Sarah Siddons became popular because of her classic beauty and elocution skills. However, her best role was magnificent Lady Macbeth, which is considered to be one of the best world’s interpretations of the image. Among her other successful roles, there were Dezdem and Volumnia in Shakespeare’s Coriolanus. In 1818, Siddons left the scene after a series of triumphant farewell performances.
The talent of Sarah Siddons was quite unique as she possessed the ability to evoke emotions in the audience, integrating them not only into her roles, but also making them inner parts of herself. Sarah Siddons was considered to be a monumental and mythical actress of the 1780s. The way she played mesmerized the audience. The reality of her emotions made people believe that she died playing Aphasia in Tamburlaine. The stories about Sarah Siddons’ power over spectators prove that along with Hannah Murphy, she was supposed to be a cultural icon of the theatre. It proves that Sarah Siddons is worth of the winner nomination in the Best Actress category of the Theatre History Award. Nowadays, Sarah Siddons’ award is given by the Sarah Siddons Society present to a prominent actress in Chicago every year.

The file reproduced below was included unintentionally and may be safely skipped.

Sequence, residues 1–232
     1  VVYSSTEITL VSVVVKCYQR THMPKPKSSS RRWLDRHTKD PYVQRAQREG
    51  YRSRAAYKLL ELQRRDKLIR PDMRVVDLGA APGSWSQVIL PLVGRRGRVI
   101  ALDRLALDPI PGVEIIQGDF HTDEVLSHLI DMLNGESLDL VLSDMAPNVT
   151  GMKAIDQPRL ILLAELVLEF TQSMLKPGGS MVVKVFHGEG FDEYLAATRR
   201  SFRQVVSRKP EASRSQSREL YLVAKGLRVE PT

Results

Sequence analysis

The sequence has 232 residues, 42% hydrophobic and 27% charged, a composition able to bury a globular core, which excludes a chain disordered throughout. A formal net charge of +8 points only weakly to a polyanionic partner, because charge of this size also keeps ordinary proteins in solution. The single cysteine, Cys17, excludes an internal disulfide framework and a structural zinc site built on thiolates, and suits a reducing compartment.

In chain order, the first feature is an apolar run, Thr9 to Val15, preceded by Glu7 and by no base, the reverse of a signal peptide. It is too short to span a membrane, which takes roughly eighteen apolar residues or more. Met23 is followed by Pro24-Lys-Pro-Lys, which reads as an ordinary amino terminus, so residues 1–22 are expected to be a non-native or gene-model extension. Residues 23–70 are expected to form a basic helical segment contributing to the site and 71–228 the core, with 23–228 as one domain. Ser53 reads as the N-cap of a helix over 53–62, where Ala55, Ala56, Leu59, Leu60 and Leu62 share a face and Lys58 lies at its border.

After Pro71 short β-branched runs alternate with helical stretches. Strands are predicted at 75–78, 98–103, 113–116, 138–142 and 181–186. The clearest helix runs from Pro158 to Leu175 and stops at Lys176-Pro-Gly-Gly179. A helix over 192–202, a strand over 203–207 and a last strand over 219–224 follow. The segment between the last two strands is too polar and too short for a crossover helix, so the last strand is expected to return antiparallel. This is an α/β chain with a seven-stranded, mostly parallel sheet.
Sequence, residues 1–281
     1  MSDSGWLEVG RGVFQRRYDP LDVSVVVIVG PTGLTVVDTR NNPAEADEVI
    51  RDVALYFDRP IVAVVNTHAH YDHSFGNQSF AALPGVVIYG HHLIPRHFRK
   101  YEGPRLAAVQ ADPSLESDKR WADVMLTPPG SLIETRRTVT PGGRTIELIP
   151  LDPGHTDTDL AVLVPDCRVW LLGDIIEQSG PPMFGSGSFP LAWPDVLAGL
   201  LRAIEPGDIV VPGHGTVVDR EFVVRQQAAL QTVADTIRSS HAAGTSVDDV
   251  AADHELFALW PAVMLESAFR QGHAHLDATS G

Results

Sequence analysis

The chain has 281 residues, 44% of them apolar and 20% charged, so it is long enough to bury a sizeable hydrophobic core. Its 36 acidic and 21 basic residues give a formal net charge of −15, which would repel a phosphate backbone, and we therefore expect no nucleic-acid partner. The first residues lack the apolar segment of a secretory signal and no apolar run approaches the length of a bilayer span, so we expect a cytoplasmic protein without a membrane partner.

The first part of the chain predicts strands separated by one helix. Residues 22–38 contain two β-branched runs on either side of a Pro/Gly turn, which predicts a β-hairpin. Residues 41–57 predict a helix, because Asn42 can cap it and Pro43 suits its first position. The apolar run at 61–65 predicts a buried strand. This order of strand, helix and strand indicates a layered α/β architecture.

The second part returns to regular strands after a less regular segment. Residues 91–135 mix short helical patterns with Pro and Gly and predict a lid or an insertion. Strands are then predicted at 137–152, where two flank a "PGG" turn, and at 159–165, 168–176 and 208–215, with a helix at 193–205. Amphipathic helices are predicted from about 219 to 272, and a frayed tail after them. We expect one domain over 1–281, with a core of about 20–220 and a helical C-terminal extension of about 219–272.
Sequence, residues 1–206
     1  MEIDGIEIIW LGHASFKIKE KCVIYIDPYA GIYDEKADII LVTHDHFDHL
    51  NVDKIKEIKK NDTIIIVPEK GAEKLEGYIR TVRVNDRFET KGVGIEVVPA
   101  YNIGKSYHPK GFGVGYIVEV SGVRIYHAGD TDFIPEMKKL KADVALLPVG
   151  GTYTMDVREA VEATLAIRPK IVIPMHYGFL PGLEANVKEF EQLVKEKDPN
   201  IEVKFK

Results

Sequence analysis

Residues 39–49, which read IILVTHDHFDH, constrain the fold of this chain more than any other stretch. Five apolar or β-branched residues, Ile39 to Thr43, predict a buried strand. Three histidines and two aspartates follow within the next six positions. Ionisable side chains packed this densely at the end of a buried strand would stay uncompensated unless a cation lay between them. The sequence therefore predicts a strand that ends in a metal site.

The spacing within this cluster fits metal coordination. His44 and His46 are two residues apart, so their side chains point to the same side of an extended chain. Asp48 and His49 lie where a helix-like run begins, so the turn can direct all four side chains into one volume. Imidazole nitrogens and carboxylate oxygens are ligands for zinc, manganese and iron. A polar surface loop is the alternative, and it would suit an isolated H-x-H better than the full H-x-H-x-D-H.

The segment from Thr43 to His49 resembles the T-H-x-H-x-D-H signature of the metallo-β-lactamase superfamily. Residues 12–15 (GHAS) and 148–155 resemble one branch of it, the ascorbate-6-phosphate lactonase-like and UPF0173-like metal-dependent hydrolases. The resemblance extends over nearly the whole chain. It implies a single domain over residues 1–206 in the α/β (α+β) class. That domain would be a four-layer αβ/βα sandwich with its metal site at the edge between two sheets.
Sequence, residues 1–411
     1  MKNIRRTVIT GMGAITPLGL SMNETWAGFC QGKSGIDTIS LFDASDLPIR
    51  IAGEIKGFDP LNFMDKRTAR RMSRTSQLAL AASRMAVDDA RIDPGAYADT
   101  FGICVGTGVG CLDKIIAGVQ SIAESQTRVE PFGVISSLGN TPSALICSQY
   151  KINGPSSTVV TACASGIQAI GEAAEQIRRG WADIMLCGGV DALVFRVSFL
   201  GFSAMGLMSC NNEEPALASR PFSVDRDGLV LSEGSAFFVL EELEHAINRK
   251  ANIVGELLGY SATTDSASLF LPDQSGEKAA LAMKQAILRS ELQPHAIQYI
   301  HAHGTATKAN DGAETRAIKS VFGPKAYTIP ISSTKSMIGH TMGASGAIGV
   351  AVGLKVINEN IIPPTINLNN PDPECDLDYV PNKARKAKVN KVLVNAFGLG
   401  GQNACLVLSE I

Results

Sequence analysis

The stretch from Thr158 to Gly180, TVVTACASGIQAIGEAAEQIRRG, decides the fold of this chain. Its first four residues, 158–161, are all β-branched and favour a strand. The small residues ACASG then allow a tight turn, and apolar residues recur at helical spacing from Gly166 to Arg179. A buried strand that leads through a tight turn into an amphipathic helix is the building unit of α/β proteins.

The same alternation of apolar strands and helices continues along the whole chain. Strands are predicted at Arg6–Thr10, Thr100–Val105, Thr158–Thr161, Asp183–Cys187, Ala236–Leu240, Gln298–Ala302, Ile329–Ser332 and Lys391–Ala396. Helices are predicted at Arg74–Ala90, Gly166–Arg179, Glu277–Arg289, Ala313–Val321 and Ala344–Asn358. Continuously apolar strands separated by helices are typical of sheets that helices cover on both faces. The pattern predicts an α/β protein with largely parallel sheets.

The winner in this category is Joseph Papp (1921-1991), a famous U.S. producer and director. However, Joseph Papp is also well-known as a founder of the Public Theater in the Astor Library building in New York downtown. A unique feature of this theatre implies the existence of many small theaters within it.
In 1954, Joseph Papp fulfilled his life-long dream and established a New York Shakespeare Festival aimed to promote Shakespeare’s legacy and popularize theatre. The goal of the latter was the popularization of Shakespeare’s works making them more accessible to the public. Central Park was granted to Papp to make free productions of Shakespeare’s plays in 1957. Since 1962, the permanent venue of the festival has been the open-air Delacorte Theater in Central Park, where Papp put a lot of Shakespeare’s plays. The entrance to performances was free. The amphitheater in the park fit into the wooded landscape of the park near the Belvedere Lake successfully. The theater is named in honor of its Maecenas, who donated money for its foundation, including Delacorte.
Nowadays, the abovementioned activities continue to take place every summer as part of honor to Joseph Papp’s legacy. The latter proves that he is worth of the winner nomination in the Best Director/ Producer category of the Theatre History Award. Each year the New York Shakespeare Festival attracts thousands of viewers aimed to enjoy the magnificence of Shakespeare’s plays. Plays set in a modern way are especially popular, combining the features of eclecticism with the enduring classics of Shakespeare. Each season, the festival has a new program. The main place is given to the plays by Shakespeare, but along with them, the audience can see the works by other authors, musicals, and numerous concerts, as well as listen to lectures and take part in creative discussions focused on art.